Section 179 expense election. A section 179 expense election (or any specification made in the election) made after 2002 can be revoked without IRS approval by filing an amended return. However, once made, the revocation is irrevocable.

Passenger automobile. The total depreciation deduction (including the section 179 expense and the special depreciation allowance) you can take for a passenger automobile (that is not a truck or van or an electric vehicle) that you use in your business and first place in service in 2003 is:

  • $7,660 if acquired before May 6, 2003, and you claim the 30% special allowance;
  • $10,710 if acquired after May 5, 2003, and you claim the 50% or 30% special allowance; or
  • $3,060 if you elect not to claim any special allowance for the vehicle or the vehicle is not qualified property, or the vehicle is qualified Liberty Zone property.

    Caution: The limits are reduced if the business use of the vehicle is less than 100%.

Electric vehicle. The total depreciation deduction (including the section 179 expense and the special depreciation allowance) you can take for an electric vehicle that you use in your business and first place in service in 2003 is:

  • $22,880 if acquired before May 6, 2003, and you claim the 30% special allowance;
  • $32,030 if acquired after May 5, 2003, and you claim the 50% or 30% special allowance; or
  • $9,080 if you elect not to claim any special allowance for the vehicle or the vehicle is not qualified property, or the vehicle is qualified Liberty Zone property.

    Caution: The limits are reduced if the business use of the vehicle is less than 100%.

Truck or van. The total depreciation deduction (including the section 179 deduction and the special depreciation allowance) you can take for a truck or van (such as a minivan or a sports utility vehicle built on a truck chassis) that you use in your business and first place in service in 2003 is higher than for other passenger vehicles. The maximum amount allowable is:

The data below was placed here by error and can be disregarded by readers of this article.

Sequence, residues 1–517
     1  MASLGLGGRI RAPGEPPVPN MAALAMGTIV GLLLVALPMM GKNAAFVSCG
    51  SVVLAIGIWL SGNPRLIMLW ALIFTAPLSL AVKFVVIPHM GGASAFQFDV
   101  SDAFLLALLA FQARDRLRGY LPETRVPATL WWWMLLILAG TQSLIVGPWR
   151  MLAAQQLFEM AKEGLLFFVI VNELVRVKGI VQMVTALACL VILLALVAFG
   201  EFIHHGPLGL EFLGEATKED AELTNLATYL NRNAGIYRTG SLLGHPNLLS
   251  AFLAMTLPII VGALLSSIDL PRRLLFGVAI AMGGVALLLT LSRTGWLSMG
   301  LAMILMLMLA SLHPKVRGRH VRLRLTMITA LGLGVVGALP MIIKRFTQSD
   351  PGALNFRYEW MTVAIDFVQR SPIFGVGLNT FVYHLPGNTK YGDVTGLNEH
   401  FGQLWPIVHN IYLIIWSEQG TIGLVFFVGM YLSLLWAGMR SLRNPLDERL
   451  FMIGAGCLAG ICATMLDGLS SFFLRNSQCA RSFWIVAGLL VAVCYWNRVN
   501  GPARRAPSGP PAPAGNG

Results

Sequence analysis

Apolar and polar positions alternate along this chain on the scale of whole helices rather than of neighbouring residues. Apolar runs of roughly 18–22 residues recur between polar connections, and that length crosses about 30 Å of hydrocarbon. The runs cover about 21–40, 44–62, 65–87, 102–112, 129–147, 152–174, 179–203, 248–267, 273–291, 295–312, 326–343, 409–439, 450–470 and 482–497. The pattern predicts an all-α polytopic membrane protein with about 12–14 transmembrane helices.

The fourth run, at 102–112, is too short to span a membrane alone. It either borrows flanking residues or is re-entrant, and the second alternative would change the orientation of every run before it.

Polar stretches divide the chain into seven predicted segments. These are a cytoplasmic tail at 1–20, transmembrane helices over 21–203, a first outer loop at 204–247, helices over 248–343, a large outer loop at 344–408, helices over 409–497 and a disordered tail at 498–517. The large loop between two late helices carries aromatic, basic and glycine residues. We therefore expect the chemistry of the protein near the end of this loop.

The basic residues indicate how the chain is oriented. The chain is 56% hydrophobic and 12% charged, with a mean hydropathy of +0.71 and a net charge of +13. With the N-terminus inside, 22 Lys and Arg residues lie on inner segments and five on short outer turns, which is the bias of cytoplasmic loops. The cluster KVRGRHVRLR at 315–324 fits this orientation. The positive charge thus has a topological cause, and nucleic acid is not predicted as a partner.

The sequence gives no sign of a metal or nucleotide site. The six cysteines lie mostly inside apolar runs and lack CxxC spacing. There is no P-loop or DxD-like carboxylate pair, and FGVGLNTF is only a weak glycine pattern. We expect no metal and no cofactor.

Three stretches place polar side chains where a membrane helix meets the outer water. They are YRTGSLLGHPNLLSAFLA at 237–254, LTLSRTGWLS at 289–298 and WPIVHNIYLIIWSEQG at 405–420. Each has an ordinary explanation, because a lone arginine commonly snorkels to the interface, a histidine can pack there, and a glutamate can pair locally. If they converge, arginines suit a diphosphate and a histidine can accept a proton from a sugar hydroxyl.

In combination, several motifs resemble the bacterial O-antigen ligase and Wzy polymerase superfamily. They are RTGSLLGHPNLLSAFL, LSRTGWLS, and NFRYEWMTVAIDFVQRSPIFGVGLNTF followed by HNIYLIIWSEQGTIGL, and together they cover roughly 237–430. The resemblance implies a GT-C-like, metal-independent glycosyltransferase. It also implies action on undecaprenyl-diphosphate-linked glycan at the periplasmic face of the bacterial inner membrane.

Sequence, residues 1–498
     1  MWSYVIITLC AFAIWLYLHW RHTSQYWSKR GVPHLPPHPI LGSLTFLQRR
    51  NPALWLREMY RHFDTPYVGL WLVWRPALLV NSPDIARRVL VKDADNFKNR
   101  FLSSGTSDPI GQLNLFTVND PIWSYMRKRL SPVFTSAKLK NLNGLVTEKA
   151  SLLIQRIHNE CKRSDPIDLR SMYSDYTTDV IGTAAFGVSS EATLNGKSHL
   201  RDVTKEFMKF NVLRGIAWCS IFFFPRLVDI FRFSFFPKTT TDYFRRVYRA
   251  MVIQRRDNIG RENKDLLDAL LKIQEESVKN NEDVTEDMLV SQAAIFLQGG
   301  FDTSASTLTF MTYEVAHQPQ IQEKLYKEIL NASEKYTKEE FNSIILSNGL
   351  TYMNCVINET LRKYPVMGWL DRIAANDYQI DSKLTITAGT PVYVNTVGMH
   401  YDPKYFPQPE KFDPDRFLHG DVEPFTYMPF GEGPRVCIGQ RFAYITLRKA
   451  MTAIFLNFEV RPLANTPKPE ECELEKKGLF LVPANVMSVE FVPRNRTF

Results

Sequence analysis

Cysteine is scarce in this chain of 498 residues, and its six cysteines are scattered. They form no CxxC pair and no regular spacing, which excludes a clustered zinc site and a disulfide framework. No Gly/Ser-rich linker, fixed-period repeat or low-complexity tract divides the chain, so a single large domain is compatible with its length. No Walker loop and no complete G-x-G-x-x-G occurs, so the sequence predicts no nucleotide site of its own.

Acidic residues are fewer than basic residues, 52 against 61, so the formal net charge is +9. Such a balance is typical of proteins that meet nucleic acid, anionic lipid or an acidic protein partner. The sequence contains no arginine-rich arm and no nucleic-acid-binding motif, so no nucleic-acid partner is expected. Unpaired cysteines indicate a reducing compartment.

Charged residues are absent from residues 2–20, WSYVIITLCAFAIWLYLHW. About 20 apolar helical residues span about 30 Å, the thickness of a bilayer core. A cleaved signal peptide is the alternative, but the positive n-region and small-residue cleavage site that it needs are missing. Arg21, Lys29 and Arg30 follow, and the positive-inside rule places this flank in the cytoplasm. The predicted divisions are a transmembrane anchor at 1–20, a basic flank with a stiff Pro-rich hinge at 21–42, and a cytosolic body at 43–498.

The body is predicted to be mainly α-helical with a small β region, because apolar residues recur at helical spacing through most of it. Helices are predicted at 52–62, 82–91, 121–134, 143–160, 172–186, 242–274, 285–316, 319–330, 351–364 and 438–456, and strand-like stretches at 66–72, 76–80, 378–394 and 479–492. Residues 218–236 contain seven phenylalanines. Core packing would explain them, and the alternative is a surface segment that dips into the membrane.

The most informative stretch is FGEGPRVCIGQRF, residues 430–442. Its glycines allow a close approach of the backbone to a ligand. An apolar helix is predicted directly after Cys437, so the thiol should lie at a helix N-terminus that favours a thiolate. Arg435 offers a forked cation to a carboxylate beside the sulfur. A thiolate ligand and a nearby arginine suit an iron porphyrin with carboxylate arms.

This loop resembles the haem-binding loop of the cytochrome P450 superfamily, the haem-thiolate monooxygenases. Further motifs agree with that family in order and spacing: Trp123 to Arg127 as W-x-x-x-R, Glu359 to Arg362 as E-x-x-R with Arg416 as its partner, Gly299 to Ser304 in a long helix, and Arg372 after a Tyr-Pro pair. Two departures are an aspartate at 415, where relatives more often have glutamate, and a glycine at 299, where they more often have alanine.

• $7,960 if acquired before May 6, 2003, and you claim the 30% special allowance;
  • $11,010 if acquired after May 5, 2003, and you claim the 50% or 30% special allowance; or
  • $3,360 if you elect not to claim any special allowance for the vehicle or the vehicle is not qualified property, or the vehicle is qualified Liberty Zone property.

    Caution: The limits are reduced if the business use of the vehicle is less than 100%.

Qualified nonpersonal use vehicle. A truck or van placed in service after July 6, 2003, that is a “qualified nonpersonal use vehicle” is not considered to be a passenger automobile (and is therefore not subject to the passenger automobile limits). A truck or van is a qualified nonpersonal use vehicle only if it has been specially modified with the result that it is not likely to be used more than a de minimis amount for personal purposes. For example, a van that has only a front bench for seating, in which permanent shelving has been installed, that constantly carries merchandise or equipment, and that has been specially painted with advertising or the company's name, is a vehicle not likely to be used more than a de minimus amount for personal purposes. -- 10-OCT-2003